Gender differentiated motivation for coastal forest conservation: the case of Lower Tana River Forest

Preserving, managing and improving the health of forest ecosystems worldwide will require equitable leadership and participation from both women and men. Understanding gendered motivations to conserve forest ecosystems may contribute to the design of programs that enable sustainable management and use of forest benefits. This study examines the motivations for willingness to participate in forest conservation activities in Lower Tana River forest. The study focuses on gender differentiated personal values for conserving the forest and uses the laddering technique. The study reveals that gender roles are important in choice of forest conservation practice. Women indicate that preserving the biodiversity is important as well as monitoring illegal harvesting of forest products. Easy access to fuel, agricultural production is of paramount important for women. On the other hand, men plant trees and control forest fires to increase their household income. However, tree planting is important for both women and men. The trees planted are for commercial purposes and less environment friendly. The study discusses policy implications. Although men and women have different roles and responsibilities, their desires or values are more or less similar. For instance, they both value security, comfortable and exciting life, good health, being helpful and happiness. Women are unique in the sense that they want to be independent in life while men want the sense of responsibility.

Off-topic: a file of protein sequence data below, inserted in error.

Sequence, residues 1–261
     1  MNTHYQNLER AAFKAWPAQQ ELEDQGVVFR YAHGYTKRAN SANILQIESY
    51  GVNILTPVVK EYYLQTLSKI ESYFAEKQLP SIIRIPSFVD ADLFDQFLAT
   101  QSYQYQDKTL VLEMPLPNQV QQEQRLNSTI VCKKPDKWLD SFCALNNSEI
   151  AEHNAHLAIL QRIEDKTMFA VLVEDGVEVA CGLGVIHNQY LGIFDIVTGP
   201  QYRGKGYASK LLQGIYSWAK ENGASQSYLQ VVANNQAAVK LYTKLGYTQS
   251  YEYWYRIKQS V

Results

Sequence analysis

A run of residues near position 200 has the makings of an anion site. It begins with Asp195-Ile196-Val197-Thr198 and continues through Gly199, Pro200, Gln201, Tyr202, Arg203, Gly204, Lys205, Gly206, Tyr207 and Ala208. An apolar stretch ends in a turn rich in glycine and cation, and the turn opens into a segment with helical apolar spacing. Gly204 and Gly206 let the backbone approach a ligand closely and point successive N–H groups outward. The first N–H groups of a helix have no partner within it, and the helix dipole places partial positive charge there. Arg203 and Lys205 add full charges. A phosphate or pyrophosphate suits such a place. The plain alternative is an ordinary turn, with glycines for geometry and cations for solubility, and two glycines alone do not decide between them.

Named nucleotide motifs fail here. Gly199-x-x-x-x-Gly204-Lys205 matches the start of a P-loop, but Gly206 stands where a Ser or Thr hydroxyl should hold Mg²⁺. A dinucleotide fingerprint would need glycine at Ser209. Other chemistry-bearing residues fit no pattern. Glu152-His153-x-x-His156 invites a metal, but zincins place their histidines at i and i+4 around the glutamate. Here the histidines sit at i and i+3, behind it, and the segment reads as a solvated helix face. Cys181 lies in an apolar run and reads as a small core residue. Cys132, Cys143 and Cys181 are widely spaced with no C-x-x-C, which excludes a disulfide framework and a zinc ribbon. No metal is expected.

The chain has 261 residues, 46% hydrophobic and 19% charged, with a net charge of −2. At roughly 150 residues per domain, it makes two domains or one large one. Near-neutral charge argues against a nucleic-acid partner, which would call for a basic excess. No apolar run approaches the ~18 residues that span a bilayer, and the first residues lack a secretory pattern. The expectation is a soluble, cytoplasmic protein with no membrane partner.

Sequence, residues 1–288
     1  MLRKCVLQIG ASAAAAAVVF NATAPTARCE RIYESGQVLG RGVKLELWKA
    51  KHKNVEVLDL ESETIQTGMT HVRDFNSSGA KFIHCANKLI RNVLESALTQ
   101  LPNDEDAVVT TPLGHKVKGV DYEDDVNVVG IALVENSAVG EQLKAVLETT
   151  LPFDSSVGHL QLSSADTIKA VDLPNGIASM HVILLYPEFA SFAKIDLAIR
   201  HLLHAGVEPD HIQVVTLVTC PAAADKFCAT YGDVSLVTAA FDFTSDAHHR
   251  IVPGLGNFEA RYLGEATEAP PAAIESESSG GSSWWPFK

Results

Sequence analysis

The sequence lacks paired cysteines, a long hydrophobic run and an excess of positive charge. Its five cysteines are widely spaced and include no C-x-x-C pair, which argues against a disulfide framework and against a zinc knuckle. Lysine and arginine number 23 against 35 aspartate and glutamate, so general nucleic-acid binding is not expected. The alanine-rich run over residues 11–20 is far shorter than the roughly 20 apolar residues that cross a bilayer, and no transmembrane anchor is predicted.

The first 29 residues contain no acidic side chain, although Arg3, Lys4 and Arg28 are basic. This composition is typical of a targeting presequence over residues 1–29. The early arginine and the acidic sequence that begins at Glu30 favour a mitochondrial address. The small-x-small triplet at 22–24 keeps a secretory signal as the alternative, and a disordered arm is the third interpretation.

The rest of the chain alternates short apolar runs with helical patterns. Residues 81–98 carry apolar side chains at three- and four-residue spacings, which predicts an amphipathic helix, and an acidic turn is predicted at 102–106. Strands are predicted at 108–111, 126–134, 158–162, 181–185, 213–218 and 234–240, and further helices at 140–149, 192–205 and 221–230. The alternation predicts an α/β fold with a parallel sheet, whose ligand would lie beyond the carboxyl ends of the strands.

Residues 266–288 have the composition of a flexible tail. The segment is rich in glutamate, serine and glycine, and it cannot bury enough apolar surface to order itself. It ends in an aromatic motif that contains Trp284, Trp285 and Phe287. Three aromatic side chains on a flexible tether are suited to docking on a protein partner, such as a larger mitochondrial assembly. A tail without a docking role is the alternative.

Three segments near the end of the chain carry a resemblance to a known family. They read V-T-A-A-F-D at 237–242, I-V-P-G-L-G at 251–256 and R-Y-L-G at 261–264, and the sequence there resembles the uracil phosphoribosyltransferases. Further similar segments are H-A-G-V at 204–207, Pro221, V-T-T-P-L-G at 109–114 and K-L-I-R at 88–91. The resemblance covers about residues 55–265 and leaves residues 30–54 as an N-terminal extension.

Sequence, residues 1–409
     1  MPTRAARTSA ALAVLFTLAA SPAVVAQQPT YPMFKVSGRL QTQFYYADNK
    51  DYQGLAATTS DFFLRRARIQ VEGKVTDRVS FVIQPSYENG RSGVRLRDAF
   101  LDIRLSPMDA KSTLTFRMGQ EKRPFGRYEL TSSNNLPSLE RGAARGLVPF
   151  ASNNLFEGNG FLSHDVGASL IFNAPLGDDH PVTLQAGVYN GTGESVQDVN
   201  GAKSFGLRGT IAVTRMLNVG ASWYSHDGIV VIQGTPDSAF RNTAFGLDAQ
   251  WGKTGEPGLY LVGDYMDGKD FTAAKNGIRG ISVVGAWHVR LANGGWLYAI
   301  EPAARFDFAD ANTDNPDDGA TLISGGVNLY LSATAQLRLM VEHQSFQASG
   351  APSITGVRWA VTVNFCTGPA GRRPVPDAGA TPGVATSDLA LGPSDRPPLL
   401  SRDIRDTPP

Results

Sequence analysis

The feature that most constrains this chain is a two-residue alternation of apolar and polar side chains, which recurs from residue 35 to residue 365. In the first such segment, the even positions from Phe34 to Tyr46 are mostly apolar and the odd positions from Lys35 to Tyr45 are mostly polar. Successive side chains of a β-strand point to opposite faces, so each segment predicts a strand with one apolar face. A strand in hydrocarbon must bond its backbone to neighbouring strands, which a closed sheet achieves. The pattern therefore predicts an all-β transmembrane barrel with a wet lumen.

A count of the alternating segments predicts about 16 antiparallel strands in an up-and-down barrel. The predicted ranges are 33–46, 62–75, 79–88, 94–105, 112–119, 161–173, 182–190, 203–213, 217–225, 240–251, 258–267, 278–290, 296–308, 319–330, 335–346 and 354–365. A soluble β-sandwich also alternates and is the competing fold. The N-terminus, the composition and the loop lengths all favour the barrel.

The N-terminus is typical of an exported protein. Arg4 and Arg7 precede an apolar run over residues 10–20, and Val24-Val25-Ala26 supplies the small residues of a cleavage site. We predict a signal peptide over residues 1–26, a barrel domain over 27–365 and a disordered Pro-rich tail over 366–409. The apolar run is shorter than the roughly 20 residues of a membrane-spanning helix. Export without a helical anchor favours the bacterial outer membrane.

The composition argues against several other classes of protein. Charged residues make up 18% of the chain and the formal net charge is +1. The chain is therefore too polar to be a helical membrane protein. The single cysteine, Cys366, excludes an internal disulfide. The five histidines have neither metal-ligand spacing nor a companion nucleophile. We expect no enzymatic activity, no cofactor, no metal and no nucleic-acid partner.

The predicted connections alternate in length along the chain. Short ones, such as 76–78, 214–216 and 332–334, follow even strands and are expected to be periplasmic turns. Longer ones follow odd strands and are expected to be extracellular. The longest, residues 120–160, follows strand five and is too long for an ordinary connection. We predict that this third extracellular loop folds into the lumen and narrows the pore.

Issue Date:
2013
Publication Type:
Conference Paper/ Presentation
PURL Identifier:
http://purl.umn.edu/161467
Total Pages:
16




 Record created 2017-04-01, last modified 2017-04-26

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